All of this makes for a nail-biter on election night. With the race a statistical tie in the polls, nobody rushes to call it, and the vote count swings back and forth for half the evening. At 11 p.m., television screens put the race at 50-50. Only well after midnight does the AP declare Specter the victor by less than two points.
Despite the close loss, there is surprisingly little sorrow at Toomey's primary night party at a Fogelsville Holiday Inn. With Toomey expected to stick to his pledge not to serve more than three terms in the House, most supporters still look at this as the beginning of something -- not the end. Bleary-eyed and exhausted, some begin to whisper about a November run for the governorship. "I'm not sure what he should do, but I know he should do something," a young woman festooned with Toomey buttons and stickers says. "He's the best we've got and we can't lose him."
By all accounts, Specter's headquarters is nearly empty, and his victory speech uninspired. But, of course, revelers are not the lifeblood of democracy, voters are. Toomey has the better party, but Specter has the better night.
Although it may be difficult for conservatives smarting from the loss to see, the Toomey/Specter race was ultimately a victory for the cause. By coming so close, Toomey's supporters proved that cash and clout can be diminished by principles and ideals -- a feat Campaign Finance advocates had lectured us was impossible. This story will likely incite others to stage their own (hopefully better orchestrated) rebellions. Pat Toomey deserves to be commended.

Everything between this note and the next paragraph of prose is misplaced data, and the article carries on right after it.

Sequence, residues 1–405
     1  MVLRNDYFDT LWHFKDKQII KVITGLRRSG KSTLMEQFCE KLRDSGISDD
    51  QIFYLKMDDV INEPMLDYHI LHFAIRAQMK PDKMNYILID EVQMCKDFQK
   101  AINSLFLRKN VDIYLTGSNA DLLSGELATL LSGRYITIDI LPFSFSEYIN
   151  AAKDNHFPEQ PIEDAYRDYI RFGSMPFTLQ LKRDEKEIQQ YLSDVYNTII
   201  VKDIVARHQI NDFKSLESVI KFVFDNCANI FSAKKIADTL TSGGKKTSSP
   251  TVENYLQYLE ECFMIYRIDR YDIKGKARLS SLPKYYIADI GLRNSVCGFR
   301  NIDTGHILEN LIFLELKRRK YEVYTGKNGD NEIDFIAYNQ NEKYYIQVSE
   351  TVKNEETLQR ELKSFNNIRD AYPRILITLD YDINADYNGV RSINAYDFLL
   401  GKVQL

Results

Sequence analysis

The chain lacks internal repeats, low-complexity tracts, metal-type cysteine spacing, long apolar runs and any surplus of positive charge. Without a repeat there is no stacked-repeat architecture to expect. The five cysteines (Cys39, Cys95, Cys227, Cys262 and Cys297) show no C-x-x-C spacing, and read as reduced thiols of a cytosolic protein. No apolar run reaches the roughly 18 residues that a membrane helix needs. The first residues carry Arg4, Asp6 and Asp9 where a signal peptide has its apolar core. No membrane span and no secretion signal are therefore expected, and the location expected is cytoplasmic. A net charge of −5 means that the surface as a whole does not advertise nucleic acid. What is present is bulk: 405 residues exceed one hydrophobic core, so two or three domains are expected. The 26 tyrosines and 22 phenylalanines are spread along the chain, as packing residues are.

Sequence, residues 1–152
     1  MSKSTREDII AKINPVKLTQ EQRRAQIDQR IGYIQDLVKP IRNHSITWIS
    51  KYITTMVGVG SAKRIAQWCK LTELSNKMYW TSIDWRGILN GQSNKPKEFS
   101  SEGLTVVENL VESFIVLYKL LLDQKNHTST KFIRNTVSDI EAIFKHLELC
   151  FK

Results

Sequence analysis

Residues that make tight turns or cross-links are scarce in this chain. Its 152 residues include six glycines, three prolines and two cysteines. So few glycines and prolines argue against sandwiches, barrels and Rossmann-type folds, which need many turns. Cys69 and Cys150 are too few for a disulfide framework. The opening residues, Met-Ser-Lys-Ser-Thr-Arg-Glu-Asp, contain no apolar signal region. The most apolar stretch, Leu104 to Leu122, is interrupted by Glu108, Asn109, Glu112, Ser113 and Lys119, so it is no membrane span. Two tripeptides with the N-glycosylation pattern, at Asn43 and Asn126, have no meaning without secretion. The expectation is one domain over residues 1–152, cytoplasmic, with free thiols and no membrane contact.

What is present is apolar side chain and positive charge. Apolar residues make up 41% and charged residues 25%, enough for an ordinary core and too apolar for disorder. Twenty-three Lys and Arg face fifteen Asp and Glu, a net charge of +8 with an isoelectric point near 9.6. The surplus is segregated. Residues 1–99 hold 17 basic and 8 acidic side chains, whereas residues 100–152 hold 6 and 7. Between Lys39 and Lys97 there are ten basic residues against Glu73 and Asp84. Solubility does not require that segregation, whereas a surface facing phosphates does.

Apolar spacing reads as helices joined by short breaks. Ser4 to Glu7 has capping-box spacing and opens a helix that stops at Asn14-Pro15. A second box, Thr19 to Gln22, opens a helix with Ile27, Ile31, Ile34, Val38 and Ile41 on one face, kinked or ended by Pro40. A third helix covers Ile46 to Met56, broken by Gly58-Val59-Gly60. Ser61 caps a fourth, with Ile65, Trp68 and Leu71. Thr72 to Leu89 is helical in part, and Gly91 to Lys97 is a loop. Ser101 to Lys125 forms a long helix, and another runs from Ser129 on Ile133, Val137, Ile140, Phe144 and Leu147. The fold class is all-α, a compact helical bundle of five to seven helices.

Specter, already the longest-serving senator in the state's history, will be 80 by the time his seat comes up again. This will be his last term. It's anybody's guess how long his gratitude to President Bush will last. Only then will we know exactly how grave Bush's "one mistake" truly was.
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